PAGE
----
When I was in high school, I remember Michelle Sherrell saying, “You shouldn’t date anyone that you couldn’t see as your future husband.” I remember responding, “I completely disagree. We’re only 17, I think we should date whomever and that other stuff should come as a second thought. We’ve got time.” Then every female in the group began discussing at what age they’d like to be married and start a family. My response: “I think I’ll finally settle down around 25 and have children by 27.”
And here I was Saturday evening at the age of 27.
I had just finished cooking dinner which had turned out less than desirable (so much for trying to make eggplant without oil and using tons of lemon juice – I do NOT recommend that concoction), popping in a movie (title need not be mentioned for public record) and feeding my dog niblets.
As more of my friends continue to get engaged, married and start their families leaving me as one of the last Mohicans, I remembered those words spoken at the ripe, old age of 17. Even more pressing is how one of my friends said that her Egyptian boyfriend made the comment recently that he doesn’t want children right now, but he can’t imagine his wife having children in her 30s. He wants his wife to have children at 27 and be done by 30. My friend only has a year left before she’s passed the mark.
You wouldn’t believe how many men I have come across in the Sandpit that, after finding out my age, says, “You should settle down, 27 is when you should be having children. It’s the perfect age.” Funny, one of the guys that said those exact words to me was himself divorced before 30.
I’m a firm advocate that there’s no time limit on settling down. There’s no age that has been universally decided upon that by this particular time, you must have found your partner. And truth be told, these pressures are exactly what create high divorce rates.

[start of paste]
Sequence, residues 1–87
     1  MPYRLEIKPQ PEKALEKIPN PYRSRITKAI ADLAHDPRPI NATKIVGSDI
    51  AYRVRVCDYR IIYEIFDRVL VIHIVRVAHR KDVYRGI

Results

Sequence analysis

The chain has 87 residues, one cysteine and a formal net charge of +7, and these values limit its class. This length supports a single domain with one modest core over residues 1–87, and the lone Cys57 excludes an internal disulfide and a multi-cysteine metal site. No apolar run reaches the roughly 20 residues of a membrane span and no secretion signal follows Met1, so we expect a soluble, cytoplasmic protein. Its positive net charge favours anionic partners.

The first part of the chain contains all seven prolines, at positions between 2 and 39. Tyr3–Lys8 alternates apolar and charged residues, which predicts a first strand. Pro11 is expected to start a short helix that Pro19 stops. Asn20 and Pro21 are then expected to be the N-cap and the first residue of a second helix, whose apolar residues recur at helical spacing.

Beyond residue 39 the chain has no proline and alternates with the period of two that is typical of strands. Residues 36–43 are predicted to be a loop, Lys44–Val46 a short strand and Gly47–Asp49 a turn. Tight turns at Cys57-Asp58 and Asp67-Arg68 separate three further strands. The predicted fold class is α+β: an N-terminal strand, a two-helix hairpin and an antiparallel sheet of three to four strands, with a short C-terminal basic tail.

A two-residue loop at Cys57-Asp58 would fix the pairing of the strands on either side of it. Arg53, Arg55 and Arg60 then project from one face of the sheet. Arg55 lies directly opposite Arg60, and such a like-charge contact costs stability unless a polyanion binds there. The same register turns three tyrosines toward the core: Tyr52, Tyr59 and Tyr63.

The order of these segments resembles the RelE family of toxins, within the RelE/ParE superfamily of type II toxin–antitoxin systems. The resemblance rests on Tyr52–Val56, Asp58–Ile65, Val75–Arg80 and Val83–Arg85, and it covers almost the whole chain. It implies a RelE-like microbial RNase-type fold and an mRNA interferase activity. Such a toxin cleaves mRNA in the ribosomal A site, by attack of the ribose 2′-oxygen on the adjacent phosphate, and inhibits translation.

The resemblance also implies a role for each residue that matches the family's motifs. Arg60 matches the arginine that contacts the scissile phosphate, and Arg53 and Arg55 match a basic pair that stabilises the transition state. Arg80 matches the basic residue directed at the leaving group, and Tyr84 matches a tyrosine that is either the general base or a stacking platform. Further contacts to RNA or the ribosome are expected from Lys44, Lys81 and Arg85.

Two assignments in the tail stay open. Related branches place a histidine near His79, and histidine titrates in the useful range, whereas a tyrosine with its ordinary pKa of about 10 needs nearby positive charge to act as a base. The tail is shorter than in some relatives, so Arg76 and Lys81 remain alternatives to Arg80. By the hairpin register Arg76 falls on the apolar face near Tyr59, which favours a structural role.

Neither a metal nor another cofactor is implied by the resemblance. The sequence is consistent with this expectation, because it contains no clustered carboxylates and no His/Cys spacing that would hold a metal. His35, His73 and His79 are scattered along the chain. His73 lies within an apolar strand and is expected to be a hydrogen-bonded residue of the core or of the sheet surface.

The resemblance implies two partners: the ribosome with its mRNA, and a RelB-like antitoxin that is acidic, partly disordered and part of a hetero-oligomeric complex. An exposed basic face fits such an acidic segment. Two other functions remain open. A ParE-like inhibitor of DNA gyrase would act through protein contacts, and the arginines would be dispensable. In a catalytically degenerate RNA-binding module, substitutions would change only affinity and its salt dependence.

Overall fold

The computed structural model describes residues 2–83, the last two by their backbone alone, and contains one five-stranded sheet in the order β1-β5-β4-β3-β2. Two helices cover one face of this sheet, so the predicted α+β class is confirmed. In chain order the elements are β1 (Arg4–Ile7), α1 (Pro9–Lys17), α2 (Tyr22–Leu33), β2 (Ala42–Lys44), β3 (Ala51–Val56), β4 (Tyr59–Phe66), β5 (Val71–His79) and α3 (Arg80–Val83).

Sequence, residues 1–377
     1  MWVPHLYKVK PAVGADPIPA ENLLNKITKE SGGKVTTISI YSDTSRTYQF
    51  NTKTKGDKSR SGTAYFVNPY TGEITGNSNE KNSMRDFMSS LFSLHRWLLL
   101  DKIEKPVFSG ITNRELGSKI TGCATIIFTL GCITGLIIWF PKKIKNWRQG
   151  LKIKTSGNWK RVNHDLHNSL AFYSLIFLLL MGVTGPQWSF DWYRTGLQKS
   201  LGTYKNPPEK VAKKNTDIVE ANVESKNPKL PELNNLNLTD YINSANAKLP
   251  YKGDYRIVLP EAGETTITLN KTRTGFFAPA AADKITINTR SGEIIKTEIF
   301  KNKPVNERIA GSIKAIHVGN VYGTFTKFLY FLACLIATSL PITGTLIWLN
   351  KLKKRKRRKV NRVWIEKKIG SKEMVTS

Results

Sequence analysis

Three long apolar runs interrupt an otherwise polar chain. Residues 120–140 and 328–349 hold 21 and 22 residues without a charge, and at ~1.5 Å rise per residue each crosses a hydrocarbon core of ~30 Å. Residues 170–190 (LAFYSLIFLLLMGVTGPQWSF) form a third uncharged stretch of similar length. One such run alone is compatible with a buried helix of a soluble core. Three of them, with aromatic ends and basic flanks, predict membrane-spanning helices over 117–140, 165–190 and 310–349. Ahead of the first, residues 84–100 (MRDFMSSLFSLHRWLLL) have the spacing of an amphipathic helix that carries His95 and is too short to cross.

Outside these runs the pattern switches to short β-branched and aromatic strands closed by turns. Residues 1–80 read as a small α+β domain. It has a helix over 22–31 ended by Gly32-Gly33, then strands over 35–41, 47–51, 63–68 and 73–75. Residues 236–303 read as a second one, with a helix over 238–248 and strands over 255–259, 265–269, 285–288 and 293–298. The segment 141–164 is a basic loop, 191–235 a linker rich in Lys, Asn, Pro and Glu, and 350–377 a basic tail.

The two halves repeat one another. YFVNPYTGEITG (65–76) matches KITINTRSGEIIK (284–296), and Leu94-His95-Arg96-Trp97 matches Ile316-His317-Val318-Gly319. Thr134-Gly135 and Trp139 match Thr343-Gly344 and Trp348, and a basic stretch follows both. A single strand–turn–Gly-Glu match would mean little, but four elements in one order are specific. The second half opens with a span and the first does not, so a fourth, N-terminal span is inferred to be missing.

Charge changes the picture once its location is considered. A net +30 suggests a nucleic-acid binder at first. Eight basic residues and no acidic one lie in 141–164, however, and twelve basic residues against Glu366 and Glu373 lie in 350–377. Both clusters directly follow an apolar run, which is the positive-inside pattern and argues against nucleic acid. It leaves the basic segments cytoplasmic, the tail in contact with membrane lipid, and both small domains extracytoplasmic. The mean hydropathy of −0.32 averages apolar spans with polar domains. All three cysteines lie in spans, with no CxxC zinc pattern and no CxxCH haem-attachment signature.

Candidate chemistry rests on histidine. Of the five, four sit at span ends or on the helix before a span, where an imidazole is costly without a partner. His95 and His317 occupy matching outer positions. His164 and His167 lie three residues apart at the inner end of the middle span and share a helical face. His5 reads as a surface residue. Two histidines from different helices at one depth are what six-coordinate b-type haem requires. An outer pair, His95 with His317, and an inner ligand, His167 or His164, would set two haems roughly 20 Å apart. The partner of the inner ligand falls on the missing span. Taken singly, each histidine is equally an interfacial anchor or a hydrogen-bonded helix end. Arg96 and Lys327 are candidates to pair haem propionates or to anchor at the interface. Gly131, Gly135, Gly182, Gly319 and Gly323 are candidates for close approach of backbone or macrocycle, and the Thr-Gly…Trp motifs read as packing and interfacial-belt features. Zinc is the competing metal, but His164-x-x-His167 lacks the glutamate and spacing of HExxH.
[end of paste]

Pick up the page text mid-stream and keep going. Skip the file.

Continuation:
What an outsider might find shocking is the high divorce rate in Egypt. In 2007, a state-run statistics bureau reported that Egyptian couples file for divorce every six minutes. The Central Agency for Public Mobilization and Statistics (CAPMAS) said that Egyptian courts rule on around 250 divorces daily (2007, for those that read Arabic, the site is www.capmas.gov.eg). There is even a new program called Radio for Divorced Women started by Mahasin Saber on Motakalat Radio.
I think it’s important, especially as women, to be financial independent and stable. For many divorcees, reliance on their husbands forced them into a bad place once the marriage was over. I also think it is equally important to live and by that I mean get out everything in your system that you wanted to do such as traveling, focusing solely on your career, etc. because let’s be honest – when you have a family, everything else takes a backseat (as it should).
I am in no hurry to start a family (and I hear that would require meeting someone other than complete, useless morons that seems to gravitate in my direction). And I never want to “settle.” I had this theory, and it is applicable to many people that I’ve come across:
Many relationships are like going to the bar for a night out. You get to the bar around 10 pm, look around and think to yourself, “Bummer, no lookers.” You have a few drinks and sit at the bar keeping up conversation with your friend. Midnight rolls around and after feeling a little affected by the alcohol, you look around and say to yourself, “Alright, the place is picking up.” Mind you, it’s still filled with the same unappealing people as it was at 10 pm, but now alcohol has “enhanced” their attributes. Then 1:45 am rolls around and it’s last call. You look around and everyone has coupled off. You and your friend look at one another and then to the other side of the bar where two guys stand lingering hoping to get something else besides alcohol for last call. Then you look at your friend and say, “Well, I’ve had worse.” And there you have it – relationships of today – all around the premise “I’ve had worse.”
Children by 27, divorce by 30 is not something that I envision for myself. If that’s the case (and not to forget I’m nearly onto 28), then I guess I’ll forever be an old maid. Something my mother thinks anyway, at least I won’t disprove her *wink wink*